With Christmas a distant memory, Easter and the first quarter of 2017 behind us and summer and a General Election just around the corner, how are UK retailers shaping up?
You will be aware that 2016 saw many well-known retailers fall upon hard times, not least BHS amidst great controversy, Austin Reed the office-wear retailer and Brantano the value shoe maker (to name just a few) each entering administration. The question is whether this trend in retail hardship is set to continue in 2017?
Regrettably, already this year we have seen a string of renowned high street retailers getting into difficulty. For example, Jaeger, the high street fashion chain, entered administration at the beginning of April. Brantano again entered administration in March and Jones the Bootmaker went through a pre-pack administration in March, being bought by turnaround investors Endless. Agent Provocateur was bought by Sports Direct in a pre-pack administration in March and 99p Stores also fell into administration in March. The Centre for Retail Research reported that by the end of April 2017 there were 15 retail companies experiencing difficulties and failing, in contrast to the total of 30 insolvent retailers for 2016 as a whole.
The Office of National Statistics (ONS) published statistics showing that in the three months to March 2017 there was a decrease of 1.4% in retail spending, the third consecutive monthly decrease in like for like sales; the three months to March 2017 is also the first quarterly decline since the 2013 (Quarter 4) ONS report.
Whilst it appears the Easter period this year resulted in a flurry of bank holiday spending, with the British Retail Consortium (BRC) having reported that the April 2017 UK retail sales performance saw an increase of 6.3% year-on-year from 2016, creating some much needed breathing space for the high street retailers, such respite appears to be short lived.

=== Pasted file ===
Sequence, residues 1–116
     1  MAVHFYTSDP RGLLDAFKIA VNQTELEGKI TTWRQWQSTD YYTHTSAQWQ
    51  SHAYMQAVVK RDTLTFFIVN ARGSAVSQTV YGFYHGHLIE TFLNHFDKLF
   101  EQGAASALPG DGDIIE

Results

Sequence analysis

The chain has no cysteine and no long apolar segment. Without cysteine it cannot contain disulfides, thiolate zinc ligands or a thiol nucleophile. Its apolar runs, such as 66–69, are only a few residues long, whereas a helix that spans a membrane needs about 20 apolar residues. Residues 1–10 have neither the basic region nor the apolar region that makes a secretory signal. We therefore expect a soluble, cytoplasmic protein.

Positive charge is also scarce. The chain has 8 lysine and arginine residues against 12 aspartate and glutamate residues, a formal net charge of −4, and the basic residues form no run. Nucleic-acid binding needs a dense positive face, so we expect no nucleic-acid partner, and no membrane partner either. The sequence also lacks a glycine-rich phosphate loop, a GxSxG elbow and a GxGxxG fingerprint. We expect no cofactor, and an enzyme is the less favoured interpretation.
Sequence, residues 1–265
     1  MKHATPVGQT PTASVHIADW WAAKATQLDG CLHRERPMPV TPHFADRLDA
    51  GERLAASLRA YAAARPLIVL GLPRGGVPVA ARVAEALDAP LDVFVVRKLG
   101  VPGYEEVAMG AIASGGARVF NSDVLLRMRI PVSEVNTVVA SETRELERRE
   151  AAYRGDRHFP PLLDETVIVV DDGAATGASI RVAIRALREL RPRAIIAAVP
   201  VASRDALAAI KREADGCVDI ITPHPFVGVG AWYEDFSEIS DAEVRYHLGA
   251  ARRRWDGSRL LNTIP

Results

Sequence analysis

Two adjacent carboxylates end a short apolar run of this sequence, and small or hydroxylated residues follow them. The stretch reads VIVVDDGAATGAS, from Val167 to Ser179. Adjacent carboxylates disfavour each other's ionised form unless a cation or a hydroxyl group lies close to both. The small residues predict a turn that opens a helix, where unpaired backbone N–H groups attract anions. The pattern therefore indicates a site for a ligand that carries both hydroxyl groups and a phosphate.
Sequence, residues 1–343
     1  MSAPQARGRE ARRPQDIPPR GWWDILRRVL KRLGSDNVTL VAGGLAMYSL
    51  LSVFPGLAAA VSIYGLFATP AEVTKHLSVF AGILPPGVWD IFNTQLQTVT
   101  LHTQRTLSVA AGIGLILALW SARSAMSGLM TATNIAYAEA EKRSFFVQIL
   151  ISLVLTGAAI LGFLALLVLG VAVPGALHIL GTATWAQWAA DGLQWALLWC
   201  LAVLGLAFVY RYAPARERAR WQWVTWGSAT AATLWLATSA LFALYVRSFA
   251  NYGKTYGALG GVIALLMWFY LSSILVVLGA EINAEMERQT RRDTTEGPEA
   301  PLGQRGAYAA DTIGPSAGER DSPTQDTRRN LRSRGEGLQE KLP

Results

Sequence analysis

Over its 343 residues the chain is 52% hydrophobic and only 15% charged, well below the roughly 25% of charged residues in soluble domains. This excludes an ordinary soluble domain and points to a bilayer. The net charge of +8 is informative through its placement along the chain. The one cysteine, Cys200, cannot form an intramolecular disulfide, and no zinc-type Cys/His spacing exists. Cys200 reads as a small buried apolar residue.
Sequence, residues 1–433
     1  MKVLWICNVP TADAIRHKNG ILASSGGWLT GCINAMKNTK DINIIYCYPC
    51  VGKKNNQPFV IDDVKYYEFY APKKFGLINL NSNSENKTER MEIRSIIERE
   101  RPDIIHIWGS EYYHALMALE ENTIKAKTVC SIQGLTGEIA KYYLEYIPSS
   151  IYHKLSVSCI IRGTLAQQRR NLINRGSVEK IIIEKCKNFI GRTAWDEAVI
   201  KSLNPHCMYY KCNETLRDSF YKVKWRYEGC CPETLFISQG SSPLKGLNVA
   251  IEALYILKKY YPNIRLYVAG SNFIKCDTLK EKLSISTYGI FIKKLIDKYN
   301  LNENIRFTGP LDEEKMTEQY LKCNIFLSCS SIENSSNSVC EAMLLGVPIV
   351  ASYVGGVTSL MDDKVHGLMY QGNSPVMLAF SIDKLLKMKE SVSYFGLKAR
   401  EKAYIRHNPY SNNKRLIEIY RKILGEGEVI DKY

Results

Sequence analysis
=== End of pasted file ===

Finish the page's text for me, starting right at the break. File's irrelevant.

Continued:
Why the decline in consumer spending? Arguably, although retail has faired the turbulent results of post-Brexit Britain fairly well to date, it would seem British consumers are feeling the squeeze with rising inflation coupled with weaker sterling, resulting in consumers seeking to save where they can. There is a trend of buying cheaper and moving towards becoming a nation of savvy spenders, and this trend has an impact in the retail sector, with, for example, Debenhams announcing its intention to close up to 10 of its department stores and 11 warehouses.
The profit squeeze on retailers is undoubtedly exacerbated by the increase in rising fuel prices and the UK’s inflation rate is now at its highest level in recent years. Whilst the National Living Wage was introduced this year, resulting in an increase in household income, this also increases overheads for retailers – which either has to be passed on to the consumer or absorbed into what in many cases is already a very thin profit margin.
We have, however, seen a large increase in online spending, BRC reported total (non-food) Online Sales for April were up 10.3% on 2016 – fashion retailer BooHoo almost doubled its profits in the last financial year. In a world that is becoming increasingly mobile by the day, consumers are certainly drawn to online retailers. The significant popularity of online sales at the current rate will inevitably reduce the market for traditional high street shops.
With further economic instability likely ahead of the General Election on June 8 and no signs that sterling is set to strengthen, increasing retailer costs will either have to be passed on to the consumer or absorbed in margin reduction. It would seem that the trend in lower consumer spending is here to stay, evidenced in high street brands such as Next, who reported an 8.1 per cent decline in full-price store sales in the three months leading up to the end of April resulting in a sharp decrease in its share price. The poor results for Next may be representative of the “squeezed-middle” consumer, who is now having to buy cheaper goods in order to make ends meet.